The Pew Hispanic Center always produces stellar data analyses, and they recently published another: Wealth Gaps Rise to Record Highs Between Whites, Blacks, Hispanics. They used data collected from the Survey of Income and Program Participation (SIPP) in 2009, an economic questionnaire distributed periodically to tens of thousands of households in the U.S. Census Bureau.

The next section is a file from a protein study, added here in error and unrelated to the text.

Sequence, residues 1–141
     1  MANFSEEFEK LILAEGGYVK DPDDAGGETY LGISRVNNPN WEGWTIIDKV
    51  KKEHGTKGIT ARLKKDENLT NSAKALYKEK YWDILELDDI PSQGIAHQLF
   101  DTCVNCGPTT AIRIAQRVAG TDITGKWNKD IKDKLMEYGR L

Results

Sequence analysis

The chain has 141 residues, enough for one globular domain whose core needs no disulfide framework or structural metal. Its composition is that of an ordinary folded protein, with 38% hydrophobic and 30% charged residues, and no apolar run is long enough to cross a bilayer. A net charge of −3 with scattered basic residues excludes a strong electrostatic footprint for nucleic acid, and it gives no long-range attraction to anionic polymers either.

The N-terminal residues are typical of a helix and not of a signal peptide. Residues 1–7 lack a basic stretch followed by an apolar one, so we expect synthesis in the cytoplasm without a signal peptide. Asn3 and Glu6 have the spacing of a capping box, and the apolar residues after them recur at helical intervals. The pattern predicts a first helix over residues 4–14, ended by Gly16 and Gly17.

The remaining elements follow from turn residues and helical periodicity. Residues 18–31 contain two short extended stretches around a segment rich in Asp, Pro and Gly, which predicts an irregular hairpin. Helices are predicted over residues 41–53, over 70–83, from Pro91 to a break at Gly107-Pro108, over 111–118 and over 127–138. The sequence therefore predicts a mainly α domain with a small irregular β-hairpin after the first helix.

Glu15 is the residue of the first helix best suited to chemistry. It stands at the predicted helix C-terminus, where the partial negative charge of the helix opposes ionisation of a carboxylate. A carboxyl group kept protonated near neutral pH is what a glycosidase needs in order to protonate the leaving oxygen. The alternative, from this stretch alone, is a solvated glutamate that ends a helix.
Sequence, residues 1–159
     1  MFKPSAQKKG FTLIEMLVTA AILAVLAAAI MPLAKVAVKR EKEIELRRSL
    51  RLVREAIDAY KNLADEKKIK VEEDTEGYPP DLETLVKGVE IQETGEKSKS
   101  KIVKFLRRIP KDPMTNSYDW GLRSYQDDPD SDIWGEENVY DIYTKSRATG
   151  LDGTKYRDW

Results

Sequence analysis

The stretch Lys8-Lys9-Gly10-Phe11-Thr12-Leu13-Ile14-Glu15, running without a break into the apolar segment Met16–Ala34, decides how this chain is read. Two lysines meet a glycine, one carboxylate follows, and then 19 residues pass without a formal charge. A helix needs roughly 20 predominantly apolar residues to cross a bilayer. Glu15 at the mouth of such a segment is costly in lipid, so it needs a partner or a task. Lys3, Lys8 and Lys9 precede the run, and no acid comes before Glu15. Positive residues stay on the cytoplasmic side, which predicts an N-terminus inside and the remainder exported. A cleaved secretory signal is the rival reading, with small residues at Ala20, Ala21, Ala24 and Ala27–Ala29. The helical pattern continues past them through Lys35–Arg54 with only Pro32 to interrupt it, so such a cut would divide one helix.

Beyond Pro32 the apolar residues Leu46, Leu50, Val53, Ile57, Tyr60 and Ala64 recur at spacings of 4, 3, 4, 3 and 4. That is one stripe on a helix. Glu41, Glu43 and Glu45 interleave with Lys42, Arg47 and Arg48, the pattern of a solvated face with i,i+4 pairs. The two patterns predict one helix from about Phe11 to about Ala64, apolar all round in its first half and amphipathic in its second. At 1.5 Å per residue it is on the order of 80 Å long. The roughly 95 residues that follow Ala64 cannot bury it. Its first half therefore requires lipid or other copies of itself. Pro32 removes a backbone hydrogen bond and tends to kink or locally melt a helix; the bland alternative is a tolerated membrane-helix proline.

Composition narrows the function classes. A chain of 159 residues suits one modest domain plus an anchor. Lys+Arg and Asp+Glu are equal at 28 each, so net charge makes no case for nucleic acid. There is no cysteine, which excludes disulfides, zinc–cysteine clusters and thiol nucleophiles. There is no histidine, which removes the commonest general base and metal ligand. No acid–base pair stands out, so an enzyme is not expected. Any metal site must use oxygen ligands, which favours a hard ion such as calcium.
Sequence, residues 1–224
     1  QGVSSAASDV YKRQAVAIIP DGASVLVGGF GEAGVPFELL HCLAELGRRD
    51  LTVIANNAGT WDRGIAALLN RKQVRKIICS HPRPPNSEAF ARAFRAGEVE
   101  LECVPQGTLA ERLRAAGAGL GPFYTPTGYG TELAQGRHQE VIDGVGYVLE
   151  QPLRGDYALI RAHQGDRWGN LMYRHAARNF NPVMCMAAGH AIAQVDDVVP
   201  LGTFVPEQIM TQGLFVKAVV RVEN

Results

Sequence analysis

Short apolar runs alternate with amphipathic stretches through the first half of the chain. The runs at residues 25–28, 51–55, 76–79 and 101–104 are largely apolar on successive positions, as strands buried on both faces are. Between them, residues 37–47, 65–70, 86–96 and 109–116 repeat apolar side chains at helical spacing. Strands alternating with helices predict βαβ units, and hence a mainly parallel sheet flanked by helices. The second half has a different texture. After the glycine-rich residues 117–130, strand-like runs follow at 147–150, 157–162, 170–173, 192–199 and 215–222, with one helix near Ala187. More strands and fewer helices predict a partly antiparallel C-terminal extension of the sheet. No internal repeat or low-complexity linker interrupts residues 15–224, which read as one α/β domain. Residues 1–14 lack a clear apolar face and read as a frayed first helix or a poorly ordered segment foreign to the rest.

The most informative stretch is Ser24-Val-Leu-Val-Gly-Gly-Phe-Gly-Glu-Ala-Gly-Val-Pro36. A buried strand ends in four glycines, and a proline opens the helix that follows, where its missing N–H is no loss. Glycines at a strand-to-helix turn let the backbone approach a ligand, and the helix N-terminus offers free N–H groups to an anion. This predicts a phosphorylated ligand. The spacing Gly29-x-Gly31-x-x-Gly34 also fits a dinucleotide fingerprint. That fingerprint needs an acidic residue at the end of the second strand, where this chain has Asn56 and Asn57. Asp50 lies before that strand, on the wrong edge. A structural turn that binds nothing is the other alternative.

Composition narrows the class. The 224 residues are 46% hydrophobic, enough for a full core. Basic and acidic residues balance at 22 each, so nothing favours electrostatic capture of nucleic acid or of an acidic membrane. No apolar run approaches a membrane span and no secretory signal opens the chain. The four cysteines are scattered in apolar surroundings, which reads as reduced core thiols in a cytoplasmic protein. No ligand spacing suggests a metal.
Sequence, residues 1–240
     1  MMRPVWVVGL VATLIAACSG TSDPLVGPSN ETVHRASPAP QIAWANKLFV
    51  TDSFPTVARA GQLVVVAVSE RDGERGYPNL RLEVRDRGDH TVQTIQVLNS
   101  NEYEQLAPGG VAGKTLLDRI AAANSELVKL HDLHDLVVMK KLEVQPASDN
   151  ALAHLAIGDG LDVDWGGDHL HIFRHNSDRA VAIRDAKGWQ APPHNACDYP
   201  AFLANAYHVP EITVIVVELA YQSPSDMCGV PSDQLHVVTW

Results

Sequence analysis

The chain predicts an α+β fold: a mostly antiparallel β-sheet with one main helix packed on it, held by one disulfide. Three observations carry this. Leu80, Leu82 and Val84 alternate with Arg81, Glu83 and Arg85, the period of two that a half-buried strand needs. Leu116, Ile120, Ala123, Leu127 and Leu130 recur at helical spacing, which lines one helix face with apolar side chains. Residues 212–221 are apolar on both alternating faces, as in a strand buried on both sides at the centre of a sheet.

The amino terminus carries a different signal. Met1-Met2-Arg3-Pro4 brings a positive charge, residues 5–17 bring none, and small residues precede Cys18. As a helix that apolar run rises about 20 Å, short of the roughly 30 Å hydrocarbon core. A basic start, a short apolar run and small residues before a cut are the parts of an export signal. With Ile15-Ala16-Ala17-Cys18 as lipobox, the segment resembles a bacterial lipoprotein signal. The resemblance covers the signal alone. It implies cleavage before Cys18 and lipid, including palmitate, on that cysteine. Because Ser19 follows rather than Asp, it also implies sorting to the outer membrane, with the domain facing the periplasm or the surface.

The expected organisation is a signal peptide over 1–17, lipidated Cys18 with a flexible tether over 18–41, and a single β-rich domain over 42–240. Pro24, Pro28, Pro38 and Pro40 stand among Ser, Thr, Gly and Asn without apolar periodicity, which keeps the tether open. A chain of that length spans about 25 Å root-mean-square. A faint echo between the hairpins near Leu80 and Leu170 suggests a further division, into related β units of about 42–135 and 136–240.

The major finding of the study is shocking: the median wealth of white households is 20 times that of black households and 18 times that of Hispanic households. These numbers are a result of the burst of the housing bubble in 2006, and the recession that followed from late 2007 to mid-2009, which impacted minorities considerably harder than whites. Plus, while 15 percent of white households had zero or negative net worth, 31 percent of Hispanic households had zero or negative net worth. The data from the report show that racial disparities are growing, and that Hispanics and African-Americans are falling behind their white peers. Policymakers should see this report as a wake up call, so that these communities, which are becoming an increasingly large share of the population, don’t sink further into poverty.